London based writing and directing duo Mathy & Fran came into our London studio this week along with DOP Jake Scott to grade Anna Calvi’s latest promo 'Piece By Piece' with Mill colourist Matt Osborne. We caught up with them, to chat about their inspirations, aspirations and what’s so great about shooting on 35mm.
How long have you been directing together as a duo?
M+F: We've been directing together for a few years. We’re actually a couple so our working relationship has developed quite organically out of our personal relationship.
How did you meet?
M+F: We met studying film together - our first love has always been cinema and when we first started working together we were writing and directing narrative shorts. We have quite different inspirations but it was obvious we connected.
You're grading Anna Calvi today – tell me a bit about it…
The video concept is based around the theme of synesthesia
, a neurological condition in which stimulation of one sense (e.g., sound) produces experiences in a totally different sense (e.g., sight, color). Some synesthetes
can hear, smell, taste or feel pain in color.
The lyrics talk about the process of forgetting someone and we had the idea of using gradually fading colour, but we didn’t know at first how this would work as boldly as we wanted across the length of the track – that’s when we realized the way to think about it was as a one shot - there would be no cuts and the colour would become the edit.
Is there a recurrent theme that runs through your work?
M+F: I think colour informs most of what we do. Concentration on the palette usually provides a starting point and structure to what we’re doing. The Anna Calvi video is a perfect demonstration of this.
What are the highs and lows of the process of directing?
M+F: We live and work together so it’s both an advantage and disadvantage to be able to talk about the projects we’re doing constantly - there are so many discussions in the lead up to the shoot that the prep is usually the most challenging part. From the minute we're on set, there are no more questions to ask, so that's definitely the most enjoyable part!
Is there a moment that stands out as the highlight of your career so far?
The Anna Calvi video has been a real highlight for us. We're also always very proud of our personal projects – one example most recently being our short "The Lights And Then The Noise
" – a sci-fi film made on a tiny budget, which has been really well received at festivals.
It's particularly satisfying when your work is programmed alongside films and people who you really admire. The Lights… was screened recently at the Shuffle Festival
before Nic Roeg’s "The Man Who Fell To Earth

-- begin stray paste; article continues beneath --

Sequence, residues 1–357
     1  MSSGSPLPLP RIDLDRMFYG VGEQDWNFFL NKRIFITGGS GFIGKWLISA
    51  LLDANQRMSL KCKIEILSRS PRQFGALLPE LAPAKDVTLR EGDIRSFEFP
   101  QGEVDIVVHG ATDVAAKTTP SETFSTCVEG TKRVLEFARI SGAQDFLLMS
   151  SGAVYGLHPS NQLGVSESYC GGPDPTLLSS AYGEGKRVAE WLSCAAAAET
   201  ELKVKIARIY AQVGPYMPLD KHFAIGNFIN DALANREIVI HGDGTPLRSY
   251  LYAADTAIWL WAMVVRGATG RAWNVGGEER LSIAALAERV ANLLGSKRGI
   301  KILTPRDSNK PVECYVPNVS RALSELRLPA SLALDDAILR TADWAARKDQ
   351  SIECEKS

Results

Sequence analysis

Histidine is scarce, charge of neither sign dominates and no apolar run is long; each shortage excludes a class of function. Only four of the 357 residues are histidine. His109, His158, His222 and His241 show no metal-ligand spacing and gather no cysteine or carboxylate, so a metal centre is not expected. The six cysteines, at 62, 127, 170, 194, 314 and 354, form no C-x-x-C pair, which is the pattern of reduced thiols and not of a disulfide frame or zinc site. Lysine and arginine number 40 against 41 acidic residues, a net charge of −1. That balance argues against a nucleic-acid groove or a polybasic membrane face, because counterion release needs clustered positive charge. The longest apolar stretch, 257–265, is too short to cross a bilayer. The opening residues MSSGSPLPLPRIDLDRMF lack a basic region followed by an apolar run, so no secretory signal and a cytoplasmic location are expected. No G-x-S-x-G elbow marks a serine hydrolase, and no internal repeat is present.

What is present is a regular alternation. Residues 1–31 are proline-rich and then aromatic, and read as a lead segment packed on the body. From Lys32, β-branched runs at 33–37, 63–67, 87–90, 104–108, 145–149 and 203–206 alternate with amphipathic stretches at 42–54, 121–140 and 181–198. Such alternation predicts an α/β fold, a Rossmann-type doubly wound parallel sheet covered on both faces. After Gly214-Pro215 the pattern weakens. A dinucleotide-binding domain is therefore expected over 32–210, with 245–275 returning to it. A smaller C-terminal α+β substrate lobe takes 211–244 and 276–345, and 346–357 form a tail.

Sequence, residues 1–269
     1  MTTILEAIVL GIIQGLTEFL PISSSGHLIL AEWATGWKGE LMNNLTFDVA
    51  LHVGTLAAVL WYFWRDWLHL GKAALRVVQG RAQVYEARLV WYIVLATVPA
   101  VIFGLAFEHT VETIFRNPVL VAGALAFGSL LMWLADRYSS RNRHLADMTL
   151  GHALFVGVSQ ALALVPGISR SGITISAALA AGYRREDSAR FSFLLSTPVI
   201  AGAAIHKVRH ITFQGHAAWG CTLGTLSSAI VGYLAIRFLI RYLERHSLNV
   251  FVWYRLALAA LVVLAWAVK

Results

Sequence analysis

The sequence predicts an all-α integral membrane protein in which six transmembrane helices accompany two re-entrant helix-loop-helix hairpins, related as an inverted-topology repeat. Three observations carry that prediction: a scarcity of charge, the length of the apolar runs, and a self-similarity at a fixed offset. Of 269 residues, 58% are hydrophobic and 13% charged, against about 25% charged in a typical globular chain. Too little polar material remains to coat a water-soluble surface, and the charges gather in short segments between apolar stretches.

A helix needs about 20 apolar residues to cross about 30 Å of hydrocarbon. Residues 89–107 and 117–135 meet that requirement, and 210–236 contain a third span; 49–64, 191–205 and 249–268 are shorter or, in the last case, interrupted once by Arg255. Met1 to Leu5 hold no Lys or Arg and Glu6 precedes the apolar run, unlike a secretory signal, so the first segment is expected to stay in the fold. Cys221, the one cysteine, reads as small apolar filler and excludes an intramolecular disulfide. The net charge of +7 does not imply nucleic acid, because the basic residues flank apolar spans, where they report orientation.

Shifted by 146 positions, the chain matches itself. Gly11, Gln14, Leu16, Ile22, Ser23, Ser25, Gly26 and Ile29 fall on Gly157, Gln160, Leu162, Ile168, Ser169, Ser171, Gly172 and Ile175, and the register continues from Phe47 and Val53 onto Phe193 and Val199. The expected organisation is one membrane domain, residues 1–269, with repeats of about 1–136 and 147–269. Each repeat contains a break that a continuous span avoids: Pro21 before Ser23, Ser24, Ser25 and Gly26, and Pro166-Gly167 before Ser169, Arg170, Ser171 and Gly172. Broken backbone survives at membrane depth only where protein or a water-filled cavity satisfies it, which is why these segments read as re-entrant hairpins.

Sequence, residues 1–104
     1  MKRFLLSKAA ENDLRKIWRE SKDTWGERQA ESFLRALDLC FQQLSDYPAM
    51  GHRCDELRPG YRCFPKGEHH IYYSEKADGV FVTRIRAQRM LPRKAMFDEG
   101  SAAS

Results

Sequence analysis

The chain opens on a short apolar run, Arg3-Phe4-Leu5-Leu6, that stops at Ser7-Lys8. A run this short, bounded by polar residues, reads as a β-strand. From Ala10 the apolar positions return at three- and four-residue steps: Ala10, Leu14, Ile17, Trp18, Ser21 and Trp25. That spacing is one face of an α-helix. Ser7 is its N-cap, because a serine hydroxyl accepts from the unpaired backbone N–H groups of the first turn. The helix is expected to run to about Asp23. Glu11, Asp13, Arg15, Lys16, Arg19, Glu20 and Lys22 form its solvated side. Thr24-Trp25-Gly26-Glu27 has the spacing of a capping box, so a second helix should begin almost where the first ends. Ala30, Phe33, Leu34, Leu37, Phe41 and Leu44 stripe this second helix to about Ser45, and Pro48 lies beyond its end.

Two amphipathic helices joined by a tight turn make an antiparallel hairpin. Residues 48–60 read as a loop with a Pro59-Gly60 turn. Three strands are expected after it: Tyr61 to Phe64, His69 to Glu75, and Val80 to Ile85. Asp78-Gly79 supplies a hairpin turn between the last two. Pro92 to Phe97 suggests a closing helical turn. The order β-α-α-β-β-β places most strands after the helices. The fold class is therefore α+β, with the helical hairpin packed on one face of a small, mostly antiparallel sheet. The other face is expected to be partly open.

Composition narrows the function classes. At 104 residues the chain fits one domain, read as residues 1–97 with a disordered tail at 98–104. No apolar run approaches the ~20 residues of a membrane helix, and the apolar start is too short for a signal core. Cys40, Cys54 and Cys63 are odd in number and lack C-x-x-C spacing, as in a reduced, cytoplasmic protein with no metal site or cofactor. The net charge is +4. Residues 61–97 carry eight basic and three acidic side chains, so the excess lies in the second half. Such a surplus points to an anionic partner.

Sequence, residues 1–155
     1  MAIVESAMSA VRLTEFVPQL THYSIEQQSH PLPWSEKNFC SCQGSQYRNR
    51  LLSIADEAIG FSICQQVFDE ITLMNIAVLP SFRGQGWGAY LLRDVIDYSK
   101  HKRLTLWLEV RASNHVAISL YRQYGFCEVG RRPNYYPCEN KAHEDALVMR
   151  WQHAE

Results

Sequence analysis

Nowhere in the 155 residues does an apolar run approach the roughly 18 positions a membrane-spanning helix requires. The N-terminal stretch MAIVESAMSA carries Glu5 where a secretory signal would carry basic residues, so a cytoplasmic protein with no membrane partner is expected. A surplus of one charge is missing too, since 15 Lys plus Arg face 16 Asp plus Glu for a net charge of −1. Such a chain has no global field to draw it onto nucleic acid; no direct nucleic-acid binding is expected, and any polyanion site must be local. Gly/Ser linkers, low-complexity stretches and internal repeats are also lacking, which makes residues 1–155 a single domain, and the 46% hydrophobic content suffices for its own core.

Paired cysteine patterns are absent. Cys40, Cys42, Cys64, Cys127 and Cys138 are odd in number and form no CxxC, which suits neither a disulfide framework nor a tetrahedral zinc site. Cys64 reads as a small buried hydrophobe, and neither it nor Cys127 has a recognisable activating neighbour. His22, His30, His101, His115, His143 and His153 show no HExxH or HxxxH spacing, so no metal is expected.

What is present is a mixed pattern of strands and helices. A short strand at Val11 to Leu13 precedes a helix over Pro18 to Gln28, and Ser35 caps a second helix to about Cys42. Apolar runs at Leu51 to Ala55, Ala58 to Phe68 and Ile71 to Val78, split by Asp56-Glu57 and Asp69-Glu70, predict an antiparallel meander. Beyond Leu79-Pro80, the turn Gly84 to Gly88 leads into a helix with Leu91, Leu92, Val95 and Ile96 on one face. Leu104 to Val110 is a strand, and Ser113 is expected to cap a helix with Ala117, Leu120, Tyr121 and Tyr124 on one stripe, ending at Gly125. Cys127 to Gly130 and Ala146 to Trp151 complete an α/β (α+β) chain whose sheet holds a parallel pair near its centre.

" and introduced by Jarvis Cocker
. Had I known this about myself as a teenager, I’d have been seriously impressed!
You also worked on the latest Kodaline video, tell me about the inspiration behind this…
Fran: We’re really interested in the romance of empty music venues – vacant spaces can feel heartbreakingly lonely and we wanted to capture the magic / transformative process that happens with live music.
Mathy: The idea started with a shell of a building and wanting to re-awaken the space. We chose to put the emphasis on Steve - the lead singer - and use him as a magnet to draw us through the space. It felt like a really nice way of working with his performance; to create something that at first feels lonely, but becomes this full and euphoric feeling as soon as you introduce the band.
In addition to the Kodaline video, you've worked with Matt on a number of other projects – how did you meet and what is it about his work in particular that stands out?
M+F: Matt had been very highly recommended to us by Jake, we’ve been trying to work together for a long time and it’s been really exciting to start this working relationship.
Jake: For me working with colourists is all about finding someone who shares the same taste It’s also great to know that if I can’t make it to a grade, then everything is in good hands.
Matt O: The colourist’s relationship with the Director and DOP are key to producing great pieces of work. When all three are involved you always come up with some really great looks. Because we have all worked together before, there is an element of unity and trust with one another. We all want the same thing - to produce the best piece of work possible.
What part does the grade play in the final film?
M+F: It’s hugely important – like Jake was saying, it’s about finding someone who has the same taste as you but also understands the tonality of your work and the personality of it.
Jake, you shot this on 35mm – what is it you love about shooting on film?
Jake: I’ve been trying to approach jobs with the perspective that everything will be shot on film unless there’s a reason not to. It’s a bit more fun – everyone concentrates a bit harder and I still think it’s the better medium.
Matt O: You can also achieve a really nice skin tone when shooting on film, and highlights that would simply blow out in digital.
What are some of the highlights of what you do?
Jake: Having been able to shoot with some great directors and work with some really talented people across interesting ideas. Also, the times when it really just all comes together are incredibly rewarding.
Do you have a signature style?
Jake: I would say that my signature style is trying to find a place within beauty that isn’t glossy and flat. Something rugged with texture that is also beautiful and has style.
Watch the full video below.